My second arty adventure with the USK London Group was in Hampstead this week. Despite the cold it was a really enjoyable day with lovely new people to meet, new corners of London to explore and new art to create.

Graphite, ink and coloured pencils.  This was finished in the first sketching session before lunch.  For me buildings need something to soften down their linear tendencies.  So generally a bit of greenery, flowers or texture of some sort will always grab my attention. 

This is some of the USK London Hampstead Group at the end of the day.    I am the one in the middle in the blue holding up my artwork from the morning sketching session. 

The day ended with the group’s show and tell session on a green patch in Flask Walk. Of course this is not a compulsory part of the day.  In fact nothing is compulsory and the day runs quite freely for all with very little structure except for meeting up times and a map of the area to stick to.    

Anyone who wanted to join in the show and tell session placed their day’s work on the ground where it could be admired and photographed.  Some of these photos do eventually end up anywhere on the internet.  Here is an example: I found a photo that I appear in posted onto the USK London Facebook Group.  Photo taken by Chuck Stull.  This is a cropped version of it and I have his permission to use it here.  I am the one in the pale blue on the right and I have no idea who anyone else is, except that they were lovely friendly people who urban sketched on the day.  Being a veteran blogger and an exhibiting artist I am quite comfortable with having photos of me and my work appear on the internet but I can fully understand people who do not want to take part at this point of the day.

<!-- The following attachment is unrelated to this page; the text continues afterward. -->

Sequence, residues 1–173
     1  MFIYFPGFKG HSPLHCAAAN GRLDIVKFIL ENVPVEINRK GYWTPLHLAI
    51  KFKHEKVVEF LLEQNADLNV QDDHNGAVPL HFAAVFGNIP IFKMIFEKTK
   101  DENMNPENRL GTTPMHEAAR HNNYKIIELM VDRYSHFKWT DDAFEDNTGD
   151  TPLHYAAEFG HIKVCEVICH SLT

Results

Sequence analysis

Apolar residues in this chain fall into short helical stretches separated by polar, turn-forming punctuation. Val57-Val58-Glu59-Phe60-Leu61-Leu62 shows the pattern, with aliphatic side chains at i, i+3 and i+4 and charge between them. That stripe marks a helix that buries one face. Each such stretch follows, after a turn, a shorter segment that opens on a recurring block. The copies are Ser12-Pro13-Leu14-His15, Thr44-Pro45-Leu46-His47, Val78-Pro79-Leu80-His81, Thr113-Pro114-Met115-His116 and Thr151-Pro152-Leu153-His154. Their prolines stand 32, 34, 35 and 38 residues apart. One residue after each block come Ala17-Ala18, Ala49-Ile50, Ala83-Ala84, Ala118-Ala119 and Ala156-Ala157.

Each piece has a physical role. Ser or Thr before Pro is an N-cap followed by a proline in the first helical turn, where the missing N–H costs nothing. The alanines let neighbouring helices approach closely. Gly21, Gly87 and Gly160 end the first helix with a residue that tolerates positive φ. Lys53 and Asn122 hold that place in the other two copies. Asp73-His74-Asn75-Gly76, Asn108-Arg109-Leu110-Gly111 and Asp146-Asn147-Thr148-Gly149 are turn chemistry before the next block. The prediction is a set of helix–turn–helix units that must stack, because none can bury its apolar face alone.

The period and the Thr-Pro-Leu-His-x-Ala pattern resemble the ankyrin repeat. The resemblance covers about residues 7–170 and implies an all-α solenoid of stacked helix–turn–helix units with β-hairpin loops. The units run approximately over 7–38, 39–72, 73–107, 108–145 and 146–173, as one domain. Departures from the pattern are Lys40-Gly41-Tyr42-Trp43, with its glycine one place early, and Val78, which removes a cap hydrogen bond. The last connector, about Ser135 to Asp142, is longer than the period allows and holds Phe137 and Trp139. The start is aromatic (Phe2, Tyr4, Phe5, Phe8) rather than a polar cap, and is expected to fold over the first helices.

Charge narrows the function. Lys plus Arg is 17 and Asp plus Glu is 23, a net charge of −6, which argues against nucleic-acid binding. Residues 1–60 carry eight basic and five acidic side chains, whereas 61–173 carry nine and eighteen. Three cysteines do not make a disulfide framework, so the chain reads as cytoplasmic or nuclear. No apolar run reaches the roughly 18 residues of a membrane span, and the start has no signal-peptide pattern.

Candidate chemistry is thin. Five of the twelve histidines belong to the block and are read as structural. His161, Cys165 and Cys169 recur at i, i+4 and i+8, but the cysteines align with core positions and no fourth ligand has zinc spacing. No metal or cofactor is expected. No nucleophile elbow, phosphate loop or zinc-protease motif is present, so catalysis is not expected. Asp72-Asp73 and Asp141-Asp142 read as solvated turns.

Urban is a worldwide organisation and their aim is to show the world the sketches they create and the fun sketchcrawl days they organise.  They bring like minded people together with no frontiers or boundaries. Everyone is just an ordinary person with a common interest: the love of drawing and art.  As a newbie member of USK London I would thoroughly recommend anyone to have a go who has an interest in open air sketching and who likes meeting other creatives at every level of skill.

So next time you fly into London, Paris, New York, Seoul, Munich and many other places, why not see if there is an Urban Sketchers’ Sketchcrawl you can join for the day.  No booking required.  Just turn up to these free events held around the world and get inspired by others who urban sketch purely for the fun of it. 

Dates for Future USK London Sketchcrawls

Sunday, 7 June 2015

Blackberry Leaf Study in Watercolour

Blackberry Leaf Sketch
Pen and Wash

I am currently working on a new floral idea.  I have got as far as drawing out the floral parts but I felt I needed to study blackberry leaf structure in more detail.  Sketching is collecting useful information so that I can tackle a painting in a much freer, looser and more imaginative way.  In this case I needed to understand how the leaves grow, their structural shape and how the light and shadow affects colour, tone and form.